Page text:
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In the mammalian heart, cardiomyocytes withdraw from the cell cycle and initiate hypertrophic growth soon after birth, but the transcriptional regulatory mechanisms that control these neonatal transitions are not well-defined.
Forkhead family transcription factors have been implicated as positive (FoxM1) and negative (FoxO1 and FoxO3) regulators of cardiomyocyte proliferation prenatally, but their regulatory interactions and functions in neonatal cell cycle withdrawal have not been reported previously. Potential regulators of Fox activity, including the metabolic indicator AMP-activated protein kinase (AMPK), and Fox transcriptional targets (p21, p27, Insulin-like growth factor 1 (IGF1)) also were examined.
In cultured neonatal rat cardiomyocytes, AMPK activates FoxOs, and AMPK inhibition is sufficient to induce cell proliferation. In vivo, combined loss of FoxO1 and FoxO3 specifically in cardiomyocytes leads to delayed cell cycle withdrawal and increased expression of IGF1 and FoxM1. Conversely, cardiomyocyte-specific loss of FoxM1 results in decreased neonatal cardiomyocyte cell proliferation, decreased expression of IGF1, and increased expression of cell cycle inhibitors p21 and p27. IGF1 is a direct downstream target of cardiac Fox transcription factors, which is negatively regulated by FoxOs and positively regulated by FoxM1, dependent on AMPK activation status.
These data support a regulatory mechanism whereby the balance of FoxO and FoxM1 transcription factors integrates metabolic status, mediated by AMPK, and cell cycle regulation, through competitive regulation of target genes including IGF1, in neonatal cardiomyocytes.
After birth, cardiomyocytes withdraw from the cell cycle and the heart grows primarily by hypertrophy.1 In the neonatal heart, growth factor signaling is reduced, metabolism shifts from glycolytic to primarily oxidative, and the myocardium has the ability to regenerate.2 Approximately a week after birth, binucleated cardiomyocytes withdraw from the cell cycle, the myocardium loses its ability to regenerate, and the heart initiates hypertrophic growth.1, 2 Several transcription factors including GATA4, Nkx2.5, Tbx20, Tbx5, HAND1, Foxp1, and FoxM1 have been implicated in regulating cardiomyocyte cell proliferation in the developing heart.3–5 However, the transcriptional regulatory mechanisms that integrate growth factor signaling, metabolic status, and cell cycle regulation in the heart after birth are largely unknown.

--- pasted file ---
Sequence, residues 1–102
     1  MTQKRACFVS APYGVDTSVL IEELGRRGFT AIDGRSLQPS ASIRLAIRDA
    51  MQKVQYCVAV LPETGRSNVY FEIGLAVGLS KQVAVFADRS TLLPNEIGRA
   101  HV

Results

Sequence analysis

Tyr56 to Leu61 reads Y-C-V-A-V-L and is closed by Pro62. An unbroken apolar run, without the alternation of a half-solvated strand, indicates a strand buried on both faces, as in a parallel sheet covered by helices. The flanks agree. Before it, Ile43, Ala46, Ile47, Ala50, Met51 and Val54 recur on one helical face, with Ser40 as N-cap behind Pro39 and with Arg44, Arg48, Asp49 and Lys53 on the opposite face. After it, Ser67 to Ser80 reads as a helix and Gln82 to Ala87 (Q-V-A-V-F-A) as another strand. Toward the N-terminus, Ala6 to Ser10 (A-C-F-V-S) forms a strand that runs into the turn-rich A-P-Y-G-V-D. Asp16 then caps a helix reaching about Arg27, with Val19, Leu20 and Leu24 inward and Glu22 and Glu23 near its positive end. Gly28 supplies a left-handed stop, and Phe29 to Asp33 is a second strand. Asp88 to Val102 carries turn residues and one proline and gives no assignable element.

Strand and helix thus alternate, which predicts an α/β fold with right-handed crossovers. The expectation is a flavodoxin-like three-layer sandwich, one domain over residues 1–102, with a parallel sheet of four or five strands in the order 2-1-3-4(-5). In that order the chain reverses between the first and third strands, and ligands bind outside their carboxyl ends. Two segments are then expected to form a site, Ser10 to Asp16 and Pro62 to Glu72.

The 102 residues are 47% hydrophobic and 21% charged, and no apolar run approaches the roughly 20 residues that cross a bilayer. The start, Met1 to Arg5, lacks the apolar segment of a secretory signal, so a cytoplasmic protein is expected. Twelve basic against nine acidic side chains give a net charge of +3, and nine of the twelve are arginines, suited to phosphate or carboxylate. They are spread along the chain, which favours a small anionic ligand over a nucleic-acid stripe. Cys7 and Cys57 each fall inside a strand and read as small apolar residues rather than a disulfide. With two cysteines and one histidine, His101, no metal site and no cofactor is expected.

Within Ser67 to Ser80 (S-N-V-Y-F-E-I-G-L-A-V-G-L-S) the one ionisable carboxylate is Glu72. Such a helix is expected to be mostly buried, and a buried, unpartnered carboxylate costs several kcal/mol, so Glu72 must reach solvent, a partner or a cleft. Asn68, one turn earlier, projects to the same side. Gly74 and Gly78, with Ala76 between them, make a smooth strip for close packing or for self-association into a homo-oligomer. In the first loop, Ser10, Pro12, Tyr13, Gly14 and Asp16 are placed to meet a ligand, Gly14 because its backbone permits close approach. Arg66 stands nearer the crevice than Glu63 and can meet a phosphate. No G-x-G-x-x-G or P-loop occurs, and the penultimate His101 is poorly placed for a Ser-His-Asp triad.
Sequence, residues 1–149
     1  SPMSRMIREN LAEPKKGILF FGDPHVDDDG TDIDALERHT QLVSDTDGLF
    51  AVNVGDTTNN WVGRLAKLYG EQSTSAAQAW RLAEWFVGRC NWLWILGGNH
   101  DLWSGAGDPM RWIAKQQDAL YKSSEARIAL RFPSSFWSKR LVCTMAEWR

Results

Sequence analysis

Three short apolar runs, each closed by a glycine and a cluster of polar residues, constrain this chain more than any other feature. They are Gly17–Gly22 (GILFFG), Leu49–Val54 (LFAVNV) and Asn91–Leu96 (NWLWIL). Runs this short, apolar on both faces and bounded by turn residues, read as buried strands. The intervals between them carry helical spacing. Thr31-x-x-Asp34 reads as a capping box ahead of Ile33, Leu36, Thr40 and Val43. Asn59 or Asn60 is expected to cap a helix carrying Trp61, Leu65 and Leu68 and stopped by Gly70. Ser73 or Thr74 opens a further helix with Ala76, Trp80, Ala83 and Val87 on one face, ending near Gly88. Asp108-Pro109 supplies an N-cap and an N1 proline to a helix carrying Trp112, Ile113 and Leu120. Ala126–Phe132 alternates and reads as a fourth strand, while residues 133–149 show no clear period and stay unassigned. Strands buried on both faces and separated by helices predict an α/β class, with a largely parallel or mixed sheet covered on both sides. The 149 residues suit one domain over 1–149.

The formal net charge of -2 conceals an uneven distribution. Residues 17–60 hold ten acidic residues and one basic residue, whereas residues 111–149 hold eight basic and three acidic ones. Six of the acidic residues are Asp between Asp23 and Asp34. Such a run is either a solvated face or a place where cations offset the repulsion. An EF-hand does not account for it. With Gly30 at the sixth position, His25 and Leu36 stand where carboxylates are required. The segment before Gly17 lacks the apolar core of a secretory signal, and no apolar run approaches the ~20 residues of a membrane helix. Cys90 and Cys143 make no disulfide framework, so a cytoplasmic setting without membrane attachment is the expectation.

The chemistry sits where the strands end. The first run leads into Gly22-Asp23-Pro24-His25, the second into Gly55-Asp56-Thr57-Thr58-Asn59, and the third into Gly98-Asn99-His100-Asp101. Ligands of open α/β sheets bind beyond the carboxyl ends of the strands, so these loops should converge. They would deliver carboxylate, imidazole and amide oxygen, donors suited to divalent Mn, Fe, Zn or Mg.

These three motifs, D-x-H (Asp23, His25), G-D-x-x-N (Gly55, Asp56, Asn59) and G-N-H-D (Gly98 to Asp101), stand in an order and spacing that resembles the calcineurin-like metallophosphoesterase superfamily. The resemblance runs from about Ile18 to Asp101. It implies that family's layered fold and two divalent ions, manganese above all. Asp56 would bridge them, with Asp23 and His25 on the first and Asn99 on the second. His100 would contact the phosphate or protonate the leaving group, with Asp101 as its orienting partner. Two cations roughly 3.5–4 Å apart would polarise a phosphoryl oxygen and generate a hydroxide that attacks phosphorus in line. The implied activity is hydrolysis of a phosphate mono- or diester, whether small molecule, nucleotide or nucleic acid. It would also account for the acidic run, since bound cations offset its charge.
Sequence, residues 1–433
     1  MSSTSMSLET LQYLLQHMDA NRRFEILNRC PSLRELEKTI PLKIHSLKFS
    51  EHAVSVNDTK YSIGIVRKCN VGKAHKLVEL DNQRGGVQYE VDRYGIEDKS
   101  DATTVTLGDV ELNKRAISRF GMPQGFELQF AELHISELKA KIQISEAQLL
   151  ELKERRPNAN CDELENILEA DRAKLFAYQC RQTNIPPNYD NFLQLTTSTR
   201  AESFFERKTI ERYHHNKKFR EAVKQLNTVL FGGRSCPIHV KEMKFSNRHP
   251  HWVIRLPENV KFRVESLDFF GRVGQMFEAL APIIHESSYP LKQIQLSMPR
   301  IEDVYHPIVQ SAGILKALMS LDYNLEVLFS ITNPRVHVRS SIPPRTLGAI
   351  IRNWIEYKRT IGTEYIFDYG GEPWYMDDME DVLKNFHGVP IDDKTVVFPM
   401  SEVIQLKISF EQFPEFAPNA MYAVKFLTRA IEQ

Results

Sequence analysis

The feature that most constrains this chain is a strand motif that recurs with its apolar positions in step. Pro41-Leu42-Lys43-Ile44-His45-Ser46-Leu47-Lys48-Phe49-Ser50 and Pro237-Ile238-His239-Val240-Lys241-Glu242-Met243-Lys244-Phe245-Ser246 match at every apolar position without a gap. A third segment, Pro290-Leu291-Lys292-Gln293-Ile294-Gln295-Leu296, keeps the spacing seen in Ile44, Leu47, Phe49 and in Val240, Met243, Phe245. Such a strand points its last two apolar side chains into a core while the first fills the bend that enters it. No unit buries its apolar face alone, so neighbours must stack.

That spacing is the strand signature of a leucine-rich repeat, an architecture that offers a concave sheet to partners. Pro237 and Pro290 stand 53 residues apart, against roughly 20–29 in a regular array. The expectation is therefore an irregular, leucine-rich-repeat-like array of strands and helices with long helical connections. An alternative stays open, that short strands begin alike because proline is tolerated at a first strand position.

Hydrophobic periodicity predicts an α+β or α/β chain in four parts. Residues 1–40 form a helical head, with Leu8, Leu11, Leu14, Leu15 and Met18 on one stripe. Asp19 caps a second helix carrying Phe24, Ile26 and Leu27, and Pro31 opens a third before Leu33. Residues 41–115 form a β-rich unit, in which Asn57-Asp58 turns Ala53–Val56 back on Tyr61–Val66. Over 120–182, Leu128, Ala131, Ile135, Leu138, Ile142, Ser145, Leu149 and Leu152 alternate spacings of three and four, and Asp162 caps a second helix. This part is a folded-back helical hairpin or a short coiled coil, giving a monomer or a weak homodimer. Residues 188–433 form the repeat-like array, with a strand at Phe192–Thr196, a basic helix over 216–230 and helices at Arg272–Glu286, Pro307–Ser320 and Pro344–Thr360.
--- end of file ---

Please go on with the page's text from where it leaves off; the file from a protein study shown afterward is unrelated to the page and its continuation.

Forkhead box (Fox) family transcription factors have been implicated in cardiomyocyte cell cycle control as well as adult cardiovascular disease. FoxM1 promotes cell cycle progression in a variety of cellular contexts and is required for cardiomyocyte proliferation in the developing heart.5, 6 FoxO factors have multifaceted functions in cell cycle regulation, metabolism, cell survival, autophagy, and aging.7 FoxOs are activated under conditions of growth factor deprivation, and FoxO1 and FoxO3 are expressed in the developing and diseased heart.8, 9 In the prenatal heart, forced expression of FoxOs inhibits cell proliferation and induces expression of cell cycle inhibitors p21 (p21Cip1) and p27 (p27Kip1).8 In the adult heart, FoxOs promote cardiomyocyte survival under conditions of oxidative stress and also induce autophagy after starvation.10, 11 In addition, FoxOs inhibit cardiac hypertrophy and are induced with diabetic cardiomyopathy in adults.9, 12 In cancer cells, FoxM1 and FoxOs have antagonistic transcriptional roles in cell cycle regulation.13, 14 However, the functions and potential interactions of these factors in neonatal cardiomyocyte cell cycle withdrawal have not been reported previously.